The electromagnetic spectrum is not that much there too yet, but it's coming

    • One question to ask would be the types of features that one would expect in these flexible phones in the near-term. Would they start out as having similar capabilities as current smartphones in the market, or would they be more "bread-and-butter" phones that will only see incorporation of additional capabilities in the long term?

      Of greater interest to me is the possibility of flexible laptops and tablets. The reason why we have things like smartphones is because we can easily carry them around (e.g. in our pocket) and still have sufficient computational for day-to-day use. But if we can get flexible tablets/laptops to work, I think that'd be very useful in terms of packing greater amounts of computational power per (folded) surface area.

      I am having a hard time seeing an all bendy and all over paper thin iPhone or Galaxy killer that can handle 3D games and the like. The mockups and prototypes I have seen are usually a thin and bendy screen a few millimeters thick made from a rubbery material and attached to a brick containing the electronics, kind of like the ones depicted in TFA (none of whom come close my definition of 'razor-thin' by the way), one of the coolest mockups I have seen was a small brick with a paper thin pull out screen.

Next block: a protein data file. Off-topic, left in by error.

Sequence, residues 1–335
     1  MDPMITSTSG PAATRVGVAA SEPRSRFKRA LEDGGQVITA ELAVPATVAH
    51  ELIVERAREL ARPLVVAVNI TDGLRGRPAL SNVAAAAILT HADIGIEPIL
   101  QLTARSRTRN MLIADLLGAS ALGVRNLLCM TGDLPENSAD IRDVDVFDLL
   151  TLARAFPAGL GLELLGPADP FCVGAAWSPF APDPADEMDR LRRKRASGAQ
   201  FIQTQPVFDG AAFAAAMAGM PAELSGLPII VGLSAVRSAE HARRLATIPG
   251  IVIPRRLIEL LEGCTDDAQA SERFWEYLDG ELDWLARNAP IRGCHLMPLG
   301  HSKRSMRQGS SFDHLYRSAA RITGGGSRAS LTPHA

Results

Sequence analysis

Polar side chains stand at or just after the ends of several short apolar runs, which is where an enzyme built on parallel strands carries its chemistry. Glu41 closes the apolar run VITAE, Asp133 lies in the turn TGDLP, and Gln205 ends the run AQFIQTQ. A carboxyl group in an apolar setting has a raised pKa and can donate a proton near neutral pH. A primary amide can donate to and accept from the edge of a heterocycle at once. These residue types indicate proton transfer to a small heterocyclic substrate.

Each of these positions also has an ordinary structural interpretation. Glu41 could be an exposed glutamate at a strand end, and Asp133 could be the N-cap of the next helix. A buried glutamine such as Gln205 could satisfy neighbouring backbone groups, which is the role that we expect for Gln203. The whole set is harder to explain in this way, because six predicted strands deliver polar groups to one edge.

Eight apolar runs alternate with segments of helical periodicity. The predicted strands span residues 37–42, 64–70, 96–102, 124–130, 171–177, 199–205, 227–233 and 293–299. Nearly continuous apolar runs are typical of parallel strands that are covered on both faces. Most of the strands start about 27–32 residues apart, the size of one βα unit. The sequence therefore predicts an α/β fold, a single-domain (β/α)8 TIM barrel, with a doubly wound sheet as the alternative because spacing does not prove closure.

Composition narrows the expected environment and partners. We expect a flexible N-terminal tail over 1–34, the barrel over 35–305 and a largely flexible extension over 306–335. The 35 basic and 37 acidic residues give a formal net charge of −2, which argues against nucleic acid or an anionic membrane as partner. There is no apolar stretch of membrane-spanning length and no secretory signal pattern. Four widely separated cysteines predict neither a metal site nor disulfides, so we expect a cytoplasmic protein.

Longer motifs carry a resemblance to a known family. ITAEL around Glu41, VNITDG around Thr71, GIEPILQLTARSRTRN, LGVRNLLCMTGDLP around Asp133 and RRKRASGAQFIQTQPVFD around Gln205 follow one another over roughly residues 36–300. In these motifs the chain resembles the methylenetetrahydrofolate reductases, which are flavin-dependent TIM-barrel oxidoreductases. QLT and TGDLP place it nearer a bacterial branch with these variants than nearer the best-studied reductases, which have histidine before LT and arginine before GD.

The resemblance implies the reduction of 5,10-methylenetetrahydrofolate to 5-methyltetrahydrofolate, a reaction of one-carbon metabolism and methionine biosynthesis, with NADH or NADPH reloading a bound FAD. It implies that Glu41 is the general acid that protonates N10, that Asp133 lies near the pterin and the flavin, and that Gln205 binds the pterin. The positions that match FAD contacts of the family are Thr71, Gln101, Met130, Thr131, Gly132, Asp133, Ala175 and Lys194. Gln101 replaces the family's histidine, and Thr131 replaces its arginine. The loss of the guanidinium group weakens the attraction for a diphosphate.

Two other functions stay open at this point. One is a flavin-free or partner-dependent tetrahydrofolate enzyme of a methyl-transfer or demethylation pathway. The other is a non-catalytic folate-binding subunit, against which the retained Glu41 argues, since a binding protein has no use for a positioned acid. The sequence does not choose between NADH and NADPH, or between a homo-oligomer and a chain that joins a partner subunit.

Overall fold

• Flavors (Score:5, Funny)

    by BlueMonk (101716) <BlueMonkMN@gmail.com> on Friday November 30, 2012 @09:56AM (#42140825) Homepage

    Samsung flavors smartphones with so-called flexible OLED

    Mmmm... OLED... Tasty!

  • by clemdoc (624639) on Friday November 30, 2012 @09:59AM (#42140845)
    of your phone, you just dump it into the shredder?
    Will the phones then end up as confetti?
  • This is really cool and I hope to have a bendable phone next. I am beginning to hate the increasingly massive sizes of phones recently and this is a welcome feature to offset that so that I can actually bend and stretch my legs without having to adjust the massive bulge in my pocket. :3
    • by mcgrew (92797) *

      I'm glad I'm not the only one. Phones are way too big. They must not realize that most men don't carry purses.

  • by thegoldenear (323630) on Friday November 30, 2012 @10:14AM (#42140953) Homepage

    I don't want anything as sharp as "razor-thin" in my pocket.

  • by macemoneta (154740) on Friday November 30, 2012 @10:21AM (#42141021) Homepage

    Like the "Earth: Final Conflict" Global Link Communicator [google.com], this will allow the creation of small devices with large screens that unroll when in use.

    • Bingo! Actually, for me,that was the first kind of application that came to mind years ago when word of E-ink and ePaper were new. Big but lightweight screen, small phone.
    • Forgot about those. Personally, I was thinking in terms of Caprica's paper computer things people carried around in their pocket (link [google.com])

      I'd love to have one of those.
  • I can hardly wait.
  • Uh - oh ... Apple is in trouble!
    • Why would Apple be in trouble? They'll copy Samsung and Sony's phones, they'll patent the rectangular version of it, market the hell out of it, and finally sue everybody for stealing Apple's innovation. Apple has been getting away with that for thirty years.

      • Why would Apple be in trouble? They'll copy Samsung and Sony's phones

        You assume Sony/Samsung will really be first with such a phone.

        With Apple's all-consuming desire for thin devices, why would they not be the first to adopt this?